Ashanti Near Eastern Customs Are Not Due to Islamic Feedback

Source: Ashanti – 1911 Encyclopedia Britannica (Study Light) 1911 A.D.

From the source, “The most probable tradition represents the Ashanti as deriving their origin from bands of fugitives, who in the 16th or 17th century were driven before the Moslem tribes migrating southward from the countries on the Niger and Senegal. Having obtained possession of a region of impenetrable forest, they defended themselves with a valour which, becoming part of their national character, raised them to the rank of a powerful and conquering nationThere are a few Mahommedans in Ashanti, most of them traders from other countries, and the Basel and Wesleyan missionaries have obtained some converts to Christianity; but the great bulk of the people are spirit-worshippers. Unlike many West African races, the Ashanti in general show a repugnance to the doctrines of Islam.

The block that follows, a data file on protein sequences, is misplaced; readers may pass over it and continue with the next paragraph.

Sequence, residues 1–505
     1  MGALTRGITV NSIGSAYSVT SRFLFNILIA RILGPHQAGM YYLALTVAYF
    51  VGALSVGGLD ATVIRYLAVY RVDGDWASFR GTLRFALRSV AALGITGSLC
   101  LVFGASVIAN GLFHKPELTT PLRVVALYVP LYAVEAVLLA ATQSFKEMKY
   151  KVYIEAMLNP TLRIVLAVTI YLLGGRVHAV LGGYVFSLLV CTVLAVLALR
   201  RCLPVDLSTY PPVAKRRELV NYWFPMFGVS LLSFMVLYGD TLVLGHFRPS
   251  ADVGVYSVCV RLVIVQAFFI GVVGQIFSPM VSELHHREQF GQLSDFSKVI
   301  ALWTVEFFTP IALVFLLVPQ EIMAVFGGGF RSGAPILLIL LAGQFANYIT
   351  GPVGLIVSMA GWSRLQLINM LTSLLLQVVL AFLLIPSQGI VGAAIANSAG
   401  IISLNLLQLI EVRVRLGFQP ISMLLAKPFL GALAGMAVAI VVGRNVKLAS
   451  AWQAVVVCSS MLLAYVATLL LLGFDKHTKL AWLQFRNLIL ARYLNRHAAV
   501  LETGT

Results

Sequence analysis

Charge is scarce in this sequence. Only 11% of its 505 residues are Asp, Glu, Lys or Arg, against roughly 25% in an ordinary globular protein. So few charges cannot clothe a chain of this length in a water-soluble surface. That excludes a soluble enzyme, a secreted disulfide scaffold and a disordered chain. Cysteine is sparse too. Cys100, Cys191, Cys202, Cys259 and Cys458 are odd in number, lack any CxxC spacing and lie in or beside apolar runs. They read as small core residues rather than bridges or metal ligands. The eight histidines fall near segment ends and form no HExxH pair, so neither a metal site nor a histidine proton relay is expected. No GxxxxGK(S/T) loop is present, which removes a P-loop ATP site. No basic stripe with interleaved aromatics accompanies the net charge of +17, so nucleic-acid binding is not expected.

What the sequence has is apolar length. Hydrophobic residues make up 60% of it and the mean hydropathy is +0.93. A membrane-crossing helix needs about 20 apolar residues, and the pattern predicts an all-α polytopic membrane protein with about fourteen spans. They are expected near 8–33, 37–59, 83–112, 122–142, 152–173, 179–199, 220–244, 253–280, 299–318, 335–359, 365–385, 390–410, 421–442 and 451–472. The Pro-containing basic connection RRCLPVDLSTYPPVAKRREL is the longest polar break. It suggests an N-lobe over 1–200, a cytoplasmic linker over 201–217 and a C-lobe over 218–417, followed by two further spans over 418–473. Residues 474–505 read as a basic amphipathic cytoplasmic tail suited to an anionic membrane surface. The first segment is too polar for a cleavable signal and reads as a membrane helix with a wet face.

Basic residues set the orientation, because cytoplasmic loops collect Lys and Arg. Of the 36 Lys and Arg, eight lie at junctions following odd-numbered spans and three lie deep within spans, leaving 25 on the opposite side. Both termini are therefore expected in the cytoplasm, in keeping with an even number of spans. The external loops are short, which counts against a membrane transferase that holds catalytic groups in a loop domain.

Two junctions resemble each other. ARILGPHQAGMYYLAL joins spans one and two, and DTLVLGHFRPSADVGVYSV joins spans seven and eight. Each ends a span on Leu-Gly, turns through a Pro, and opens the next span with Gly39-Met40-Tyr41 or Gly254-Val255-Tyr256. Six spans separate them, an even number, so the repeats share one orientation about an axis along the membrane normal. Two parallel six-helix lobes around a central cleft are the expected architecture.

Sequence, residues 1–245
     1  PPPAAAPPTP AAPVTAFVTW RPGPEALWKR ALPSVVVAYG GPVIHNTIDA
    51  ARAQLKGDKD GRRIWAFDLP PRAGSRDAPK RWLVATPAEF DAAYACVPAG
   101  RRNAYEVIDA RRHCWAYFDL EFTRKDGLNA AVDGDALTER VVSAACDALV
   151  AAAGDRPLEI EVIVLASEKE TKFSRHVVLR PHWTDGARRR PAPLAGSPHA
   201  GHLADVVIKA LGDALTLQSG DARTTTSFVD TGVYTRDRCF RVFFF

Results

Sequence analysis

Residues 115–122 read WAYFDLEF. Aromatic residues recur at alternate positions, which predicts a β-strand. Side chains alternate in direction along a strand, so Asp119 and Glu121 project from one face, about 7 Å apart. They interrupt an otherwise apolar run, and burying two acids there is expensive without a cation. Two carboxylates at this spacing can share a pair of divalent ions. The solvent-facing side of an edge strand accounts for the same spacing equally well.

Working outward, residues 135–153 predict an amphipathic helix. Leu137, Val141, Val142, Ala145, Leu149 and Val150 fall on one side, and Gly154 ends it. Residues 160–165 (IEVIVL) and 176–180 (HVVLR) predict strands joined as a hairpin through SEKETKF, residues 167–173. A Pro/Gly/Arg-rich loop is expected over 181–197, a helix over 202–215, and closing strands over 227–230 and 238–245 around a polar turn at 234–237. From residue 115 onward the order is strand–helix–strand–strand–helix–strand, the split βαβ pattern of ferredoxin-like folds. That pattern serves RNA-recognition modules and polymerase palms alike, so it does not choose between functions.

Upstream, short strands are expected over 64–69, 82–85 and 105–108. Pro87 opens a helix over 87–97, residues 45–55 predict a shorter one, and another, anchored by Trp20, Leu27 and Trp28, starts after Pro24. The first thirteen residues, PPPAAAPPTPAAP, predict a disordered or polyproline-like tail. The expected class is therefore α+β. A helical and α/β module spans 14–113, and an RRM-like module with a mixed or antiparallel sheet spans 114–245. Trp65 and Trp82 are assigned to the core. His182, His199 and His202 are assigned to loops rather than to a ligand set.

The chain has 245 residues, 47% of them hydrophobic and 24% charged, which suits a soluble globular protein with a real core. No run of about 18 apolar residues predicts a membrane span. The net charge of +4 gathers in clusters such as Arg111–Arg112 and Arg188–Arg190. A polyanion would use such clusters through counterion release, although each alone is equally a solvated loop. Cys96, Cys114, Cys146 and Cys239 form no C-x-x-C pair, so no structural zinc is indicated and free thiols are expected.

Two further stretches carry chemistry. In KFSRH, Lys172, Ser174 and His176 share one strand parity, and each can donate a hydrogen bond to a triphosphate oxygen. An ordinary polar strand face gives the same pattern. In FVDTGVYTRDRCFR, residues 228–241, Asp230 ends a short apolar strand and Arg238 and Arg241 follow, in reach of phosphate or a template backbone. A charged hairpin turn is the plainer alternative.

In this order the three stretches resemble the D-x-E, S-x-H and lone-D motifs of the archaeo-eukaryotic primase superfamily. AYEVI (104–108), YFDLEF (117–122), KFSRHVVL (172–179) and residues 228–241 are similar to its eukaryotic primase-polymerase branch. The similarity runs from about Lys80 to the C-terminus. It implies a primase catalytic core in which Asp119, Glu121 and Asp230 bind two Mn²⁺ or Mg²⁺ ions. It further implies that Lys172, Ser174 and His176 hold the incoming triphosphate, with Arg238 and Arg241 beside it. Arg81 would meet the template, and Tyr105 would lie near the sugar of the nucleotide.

This source is interesting because it confirms the notion that the Ashanti “were bands of fugitives”, they became a conquering nation, and they rejected the doctrines of Islam. This is important because this should raise questions like why would the Ashanti be “fugitive” because that indicates they were running from a place in which they got into trouble. The Ashanti rejecting Islamic doctrines allows a scholar to firmly establish that the Ashanti have Hebraic roots that are “pre-Islamic”. Meaning, people cannot assert that the Ashanti have links to the ancient near east due to Islamic diffusion because the Ashanti rejected Islam. Most of the Ashanti rejecting Christianity but still retaining key Hebraic influences reinforces the notion that their customs are ancient and not due to recent religious influence.

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